AI and the Art of Writing: Balancing Innovation with Tradition in Education


We welcome Ian O’Byrne as we open our blog and webinar theme: Artificial Intelligence. Please read more about Ian at the end of the blog.

Educators are currently struggling with a significant decision: Should AI be integrated into the writing process? Some worry that it could impede students’ writing skills. This leads to an important question: Have American schools ever been successful in teaching writing? When was writing education at its best? Where is it now?  As educators, how can we strike the right balance?

There is no easy answer to these questions. The history of writing education in America is long and complex, and there have been many different approaches to teaching writing over the years. Schools now stand at a crossroads as AI-powered writing tools gain popularity. These technologies promise to enhance instruction and feedback but also raise concerns about over-reliance. To make sense of this balance, let’s first look at what exactly AI is.

What is Generative AI?

The intelligence of computers or software, as opposed to the intellect of people or animals, is known as artificial intelligence (AI). It is a branch of computer science that creates and investigates intelligent machines. Uses of artificial intelligence in the form of an agent, bot, or tool are generally labeled as AI. In the last year, we’ve seen an influx of AI in our lives as ChatGPT exploded on the scene. A far better way to view these tools is to refer to them as Generative AI and not simply as AI or ChatGPT.

Generative AI refers to advanced artificial intelligence systems that can generate new content on their own rather than just responding to user prompts. Models like GPT-3 (ChatGPT) can write entire essays, stories, and code after being trained on vast datasets. This means they may soon be capable of assisting students and teachers with writing tasks like brainstorming ideas, translating rough drafts into more polished work, answering content questions, and even providing feedback.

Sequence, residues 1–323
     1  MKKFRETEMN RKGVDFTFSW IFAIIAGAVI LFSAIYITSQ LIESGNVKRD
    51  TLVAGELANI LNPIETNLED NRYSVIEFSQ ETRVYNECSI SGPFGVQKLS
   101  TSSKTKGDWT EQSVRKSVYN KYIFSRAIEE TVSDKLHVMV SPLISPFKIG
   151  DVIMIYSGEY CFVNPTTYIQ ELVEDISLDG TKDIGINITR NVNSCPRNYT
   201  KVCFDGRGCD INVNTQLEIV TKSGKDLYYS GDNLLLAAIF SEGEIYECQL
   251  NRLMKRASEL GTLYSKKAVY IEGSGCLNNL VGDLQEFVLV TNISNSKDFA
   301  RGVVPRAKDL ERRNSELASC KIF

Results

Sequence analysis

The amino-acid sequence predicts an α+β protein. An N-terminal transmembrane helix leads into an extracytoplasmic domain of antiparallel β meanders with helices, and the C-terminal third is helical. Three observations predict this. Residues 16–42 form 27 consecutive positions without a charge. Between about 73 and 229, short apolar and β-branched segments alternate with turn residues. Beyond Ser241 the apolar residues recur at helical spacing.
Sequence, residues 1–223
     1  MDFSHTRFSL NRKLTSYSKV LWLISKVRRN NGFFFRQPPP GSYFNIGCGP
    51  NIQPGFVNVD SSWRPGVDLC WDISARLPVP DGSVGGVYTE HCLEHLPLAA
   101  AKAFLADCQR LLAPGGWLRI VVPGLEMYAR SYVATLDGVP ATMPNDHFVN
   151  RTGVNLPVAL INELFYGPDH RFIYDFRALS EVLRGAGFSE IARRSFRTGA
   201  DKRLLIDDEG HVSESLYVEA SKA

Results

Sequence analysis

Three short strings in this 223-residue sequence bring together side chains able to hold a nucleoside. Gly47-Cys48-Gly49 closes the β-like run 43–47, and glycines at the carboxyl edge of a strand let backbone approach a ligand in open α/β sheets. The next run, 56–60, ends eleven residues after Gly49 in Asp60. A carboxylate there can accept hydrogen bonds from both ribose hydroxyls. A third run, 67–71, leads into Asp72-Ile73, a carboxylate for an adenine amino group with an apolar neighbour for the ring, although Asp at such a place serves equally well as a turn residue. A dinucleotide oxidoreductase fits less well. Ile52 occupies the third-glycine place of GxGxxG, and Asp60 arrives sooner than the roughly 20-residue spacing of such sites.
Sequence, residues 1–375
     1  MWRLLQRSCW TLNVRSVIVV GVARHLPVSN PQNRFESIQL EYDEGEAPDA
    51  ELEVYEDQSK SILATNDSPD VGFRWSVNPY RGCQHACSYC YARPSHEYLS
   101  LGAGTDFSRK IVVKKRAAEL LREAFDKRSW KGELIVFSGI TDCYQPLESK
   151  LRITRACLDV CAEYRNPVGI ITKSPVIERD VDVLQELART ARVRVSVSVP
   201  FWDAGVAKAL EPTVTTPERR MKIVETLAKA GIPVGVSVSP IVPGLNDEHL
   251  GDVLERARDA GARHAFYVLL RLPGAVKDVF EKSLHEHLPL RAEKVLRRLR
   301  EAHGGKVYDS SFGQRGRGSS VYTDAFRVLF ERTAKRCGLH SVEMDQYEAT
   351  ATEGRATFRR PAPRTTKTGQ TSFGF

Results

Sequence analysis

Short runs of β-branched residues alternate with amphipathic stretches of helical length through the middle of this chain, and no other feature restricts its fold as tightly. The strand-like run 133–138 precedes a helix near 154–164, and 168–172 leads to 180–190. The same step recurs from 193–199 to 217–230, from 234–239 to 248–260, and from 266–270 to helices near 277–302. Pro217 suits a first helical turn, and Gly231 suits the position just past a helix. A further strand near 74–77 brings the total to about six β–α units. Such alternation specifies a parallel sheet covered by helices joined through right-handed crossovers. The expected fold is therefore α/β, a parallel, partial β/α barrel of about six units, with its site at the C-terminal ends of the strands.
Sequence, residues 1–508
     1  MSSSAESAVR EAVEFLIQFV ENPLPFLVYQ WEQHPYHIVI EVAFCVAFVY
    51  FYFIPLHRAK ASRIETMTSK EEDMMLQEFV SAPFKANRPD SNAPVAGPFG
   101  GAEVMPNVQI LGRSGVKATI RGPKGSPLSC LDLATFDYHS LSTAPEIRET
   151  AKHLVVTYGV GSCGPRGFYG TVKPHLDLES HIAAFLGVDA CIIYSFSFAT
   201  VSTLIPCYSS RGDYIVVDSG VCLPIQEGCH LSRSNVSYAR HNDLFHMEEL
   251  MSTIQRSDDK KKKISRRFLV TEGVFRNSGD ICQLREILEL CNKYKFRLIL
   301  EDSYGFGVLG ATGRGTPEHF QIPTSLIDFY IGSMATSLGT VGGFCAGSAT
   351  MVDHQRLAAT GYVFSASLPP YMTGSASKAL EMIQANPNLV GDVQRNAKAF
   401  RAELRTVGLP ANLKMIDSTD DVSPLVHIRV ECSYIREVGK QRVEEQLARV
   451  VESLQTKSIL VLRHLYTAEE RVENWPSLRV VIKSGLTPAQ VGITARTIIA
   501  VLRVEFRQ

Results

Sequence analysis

However, generative AI also raises challenges. Teachers will need to focus on developing original thinking skills rather than knowledge recall, and concerns around plagiarism, creativity, and voice must be addressed. When used judiciously, generative writing tools could enhance instruction and revision. But ultimately, writing education should emphasize the uniquely human aspects of imagination, analysis, and persuasive communication that AI cannot replicate.

What about writing instruction?

The history of writing education in America is a mixed bag. Some of the earliest writing instruction in America took place in one-room schoolhouses, where students were taught the basics of grammar and spelling. Teaching pupils to write included teaching them how to form letters, spell words, and have readable, if not exquisite, handwriting. Writing instruction in American schools began in the late 1800s as colleges started requiring admissions essays. This mostly focused on preparing an elite group of males with a formulaic, five-paragraph structure that developed basic literacy but limited creativity.